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You can make it as fancy as you like, topping it with anything from small tomatoes and fresh basil to caramelized red onions and fennel, or you can serve it plain with a sprinkling of salt. I often serve it with pears, arugula, runny honey, and shavings of hard cheese.

Other tricks for hosting on a shoestring:

  • Make simple ingredients the star. There is no getting around the fact that meat from a good butcher or fish from a good fishmonger are expensive to buy. Sometimes it’s nice to treat yourself to a joint of roast beef or a salt baked sea bass, but more often than not I will make the central focus of dinner something like polenta topped with melted cheese and homemade tomato sauce. I like to give it all the attention and drama I would give a roast, so I pour the polenta out onto a large wooden board along the middle of the table and then top it with chunks of cheese.
  • Plan the menu around what is in season and what you find at the shops. Fruit and vegetables are not only more flavorsome when in season, but as a rule of thumb, they also cost far less than anything imported. I like to go to the shops and look for an ingredient that is on special offer, stock up, and then use it as inspiration for the rest of the menu.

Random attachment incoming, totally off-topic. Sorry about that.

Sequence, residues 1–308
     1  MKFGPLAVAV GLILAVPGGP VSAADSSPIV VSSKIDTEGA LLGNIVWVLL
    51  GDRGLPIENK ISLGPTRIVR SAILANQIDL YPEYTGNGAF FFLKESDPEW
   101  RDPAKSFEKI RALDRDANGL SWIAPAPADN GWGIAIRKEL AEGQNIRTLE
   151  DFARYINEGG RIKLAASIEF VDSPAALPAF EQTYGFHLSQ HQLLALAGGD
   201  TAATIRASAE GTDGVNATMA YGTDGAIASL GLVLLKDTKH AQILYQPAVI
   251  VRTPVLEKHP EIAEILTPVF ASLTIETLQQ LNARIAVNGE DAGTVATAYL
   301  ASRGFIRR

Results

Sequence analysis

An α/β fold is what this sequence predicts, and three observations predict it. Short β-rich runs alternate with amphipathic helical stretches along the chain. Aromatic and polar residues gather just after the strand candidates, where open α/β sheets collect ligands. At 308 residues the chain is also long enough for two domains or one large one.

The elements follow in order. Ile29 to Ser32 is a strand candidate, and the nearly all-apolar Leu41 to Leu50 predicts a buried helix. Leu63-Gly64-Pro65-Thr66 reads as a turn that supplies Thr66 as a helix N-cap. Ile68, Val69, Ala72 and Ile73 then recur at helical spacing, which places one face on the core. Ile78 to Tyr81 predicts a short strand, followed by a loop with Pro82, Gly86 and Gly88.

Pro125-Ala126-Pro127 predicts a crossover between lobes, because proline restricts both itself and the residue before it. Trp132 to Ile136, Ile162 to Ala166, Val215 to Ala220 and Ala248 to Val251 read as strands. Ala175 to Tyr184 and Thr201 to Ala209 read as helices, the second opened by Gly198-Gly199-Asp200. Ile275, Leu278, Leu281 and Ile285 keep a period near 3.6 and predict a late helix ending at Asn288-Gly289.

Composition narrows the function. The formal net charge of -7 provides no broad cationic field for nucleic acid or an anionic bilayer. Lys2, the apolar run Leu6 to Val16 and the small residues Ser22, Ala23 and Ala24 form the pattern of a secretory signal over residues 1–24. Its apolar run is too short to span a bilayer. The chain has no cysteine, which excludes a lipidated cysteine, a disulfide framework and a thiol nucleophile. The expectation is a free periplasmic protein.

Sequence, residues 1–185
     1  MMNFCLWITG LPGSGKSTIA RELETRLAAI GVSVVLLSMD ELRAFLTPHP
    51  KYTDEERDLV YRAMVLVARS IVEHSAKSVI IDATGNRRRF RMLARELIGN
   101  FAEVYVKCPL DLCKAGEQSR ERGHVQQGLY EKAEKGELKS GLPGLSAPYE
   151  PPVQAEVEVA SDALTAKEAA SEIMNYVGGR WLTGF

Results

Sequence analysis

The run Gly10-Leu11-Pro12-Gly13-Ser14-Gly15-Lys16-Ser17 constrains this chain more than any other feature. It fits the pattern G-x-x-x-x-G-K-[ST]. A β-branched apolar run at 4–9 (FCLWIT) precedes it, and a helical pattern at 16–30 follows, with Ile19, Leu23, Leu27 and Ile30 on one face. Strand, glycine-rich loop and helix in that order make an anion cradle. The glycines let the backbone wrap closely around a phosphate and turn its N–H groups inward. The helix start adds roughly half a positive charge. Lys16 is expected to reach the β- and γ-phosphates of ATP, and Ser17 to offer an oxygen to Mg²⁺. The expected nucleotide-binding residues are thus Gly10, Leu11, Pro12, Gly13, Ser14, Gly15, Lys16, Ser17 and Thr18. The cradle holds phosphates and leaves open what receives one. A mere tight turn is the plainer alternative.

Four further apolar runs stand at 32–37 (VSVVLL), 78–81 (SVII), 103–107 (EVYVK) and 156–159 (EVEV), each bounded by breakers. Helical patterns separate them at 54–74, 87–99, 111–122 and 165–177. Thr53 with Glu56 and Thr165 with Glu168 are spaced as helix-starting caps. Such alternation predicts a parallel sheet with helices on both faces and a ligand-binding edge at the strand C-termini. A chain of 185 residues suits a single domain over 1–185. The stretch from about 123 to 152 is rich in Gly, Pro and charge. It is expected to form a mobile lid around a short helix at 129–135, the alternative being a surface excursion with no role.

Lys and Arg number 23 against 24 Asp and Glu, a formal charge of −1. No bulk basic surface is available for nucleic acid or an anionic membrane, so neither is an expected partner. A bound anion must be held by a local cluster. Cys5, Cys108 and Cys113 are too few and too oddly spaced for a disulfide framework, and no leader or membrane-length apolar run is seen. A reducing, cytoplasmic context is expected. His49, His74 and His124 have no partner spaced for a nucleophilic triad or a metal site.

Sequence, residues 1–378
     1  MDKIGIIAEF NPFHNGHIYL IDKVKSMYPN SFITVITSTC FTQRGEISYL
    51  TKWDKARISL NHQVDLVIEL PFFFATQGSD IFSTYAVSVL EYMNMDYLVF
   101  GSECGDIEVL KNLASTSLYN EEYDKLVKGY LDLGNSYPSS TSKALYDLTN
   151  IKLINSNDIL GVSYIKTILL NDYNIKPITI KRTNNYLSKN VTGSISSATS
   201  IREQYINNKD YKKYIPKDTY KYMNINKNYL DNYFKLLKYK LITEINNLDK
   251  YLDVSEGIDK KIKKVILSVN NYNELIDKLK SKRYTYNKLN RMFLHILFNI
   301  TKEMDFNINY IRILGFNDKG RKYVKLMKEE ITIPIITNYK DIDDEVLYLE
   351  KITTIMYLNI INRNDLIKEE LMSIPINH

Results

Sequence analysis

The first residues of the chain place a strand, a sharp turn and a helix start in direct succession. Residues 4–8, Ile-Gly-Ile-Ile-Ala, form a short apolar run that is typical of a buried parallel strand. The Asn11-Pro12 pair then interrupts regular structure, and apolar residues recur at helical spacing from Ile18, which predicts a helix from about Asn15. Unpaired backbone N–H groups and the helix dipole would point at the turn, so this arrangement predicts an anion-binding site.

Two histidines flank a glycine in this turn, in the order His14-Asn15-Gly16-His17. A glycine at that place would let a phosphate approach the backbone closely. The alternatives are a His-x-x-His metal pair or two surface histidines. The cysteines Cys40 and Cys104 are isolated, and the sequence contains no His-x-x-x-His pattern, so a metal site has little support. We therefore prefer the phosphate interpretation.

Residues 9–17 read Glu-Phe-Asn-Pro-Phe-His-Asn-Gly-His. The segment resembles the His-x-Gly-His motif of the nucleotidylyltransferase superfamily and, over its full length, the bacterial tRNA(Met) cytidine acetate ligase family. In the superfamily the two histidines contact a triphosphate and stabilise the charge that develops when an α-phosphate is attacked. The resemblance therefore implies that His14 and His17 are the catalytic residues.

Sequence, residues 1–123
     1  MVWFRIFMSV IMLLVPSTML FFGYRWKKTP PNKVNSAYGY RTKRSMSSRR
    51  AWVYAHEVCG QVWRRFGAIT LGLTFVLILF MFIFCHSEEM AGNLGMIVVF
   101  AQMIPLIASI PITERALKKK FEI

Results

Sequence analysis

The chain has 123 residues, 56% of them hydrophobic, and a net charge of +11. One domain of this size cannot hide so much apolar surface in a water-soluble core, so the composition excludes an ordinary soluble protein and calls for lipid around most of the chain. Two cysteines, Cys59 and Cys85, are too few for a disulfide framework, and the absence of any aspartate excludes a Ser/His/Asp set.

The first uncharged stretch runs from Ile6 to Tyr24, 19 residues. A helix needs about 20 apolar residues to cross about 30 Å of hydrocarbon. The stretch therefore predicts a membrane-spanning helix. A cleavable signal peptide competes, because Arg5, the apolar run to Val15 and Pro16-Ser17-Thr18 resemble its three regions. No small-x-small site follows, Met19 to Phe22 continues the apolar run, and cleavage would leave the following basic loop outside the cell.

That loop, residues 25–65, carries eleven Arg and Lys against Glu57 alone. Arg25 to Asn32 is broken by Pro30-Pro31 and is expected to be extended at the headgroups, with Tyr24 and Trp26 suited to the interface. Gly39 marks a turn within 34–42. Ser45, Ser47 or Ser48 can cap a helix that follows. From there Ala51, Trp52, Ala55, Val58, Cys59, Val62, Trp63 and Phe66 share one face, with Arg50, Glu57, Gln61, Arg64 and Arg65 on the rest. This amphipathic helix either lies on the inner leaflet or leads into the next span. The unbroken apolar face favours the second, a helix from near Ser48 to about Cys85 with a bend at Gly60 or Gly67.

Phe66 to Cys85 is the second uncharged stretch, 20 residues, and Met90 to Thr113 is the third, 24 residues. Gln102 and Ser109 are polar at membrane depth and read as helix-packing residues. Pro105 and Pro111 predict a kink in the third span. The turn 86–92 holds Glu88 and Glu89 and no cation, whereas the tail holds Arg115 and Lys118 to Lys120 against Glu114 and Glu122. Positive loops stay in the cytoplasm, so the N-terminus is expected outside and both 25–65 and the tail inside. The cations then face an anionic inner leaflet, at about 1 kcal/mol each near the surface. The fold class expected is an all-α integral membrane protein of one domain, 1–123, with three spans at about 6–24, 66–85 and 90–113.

• Make what you can from scratch. Make your own bread, salad dressing, and other trimmings—you will be surprised by the savings.
Photo by Mark Weinberg
Photo by Mark Weinberg
  • Use leftovers where you can. Try to plan your menu around dishes that you can magic out of leftovers—or at least include them. Turn old, stale bread into panzanella and leftover panettone into a bread pudding. If you have a few vegetables leftover from dinner last night, toss them into a frittata and serve it as a side, or cut into small squares as nibbles with drinks.
  • Keep drinks as simple as you can. More often than not, guests will bring a bottle of wine which you can share at the table. Otherwise, serve beer in glass bottles with a slice of lime wedged into the neck, or bulk out prosecco with fruit juice for a fancy but not too pricey cocktail.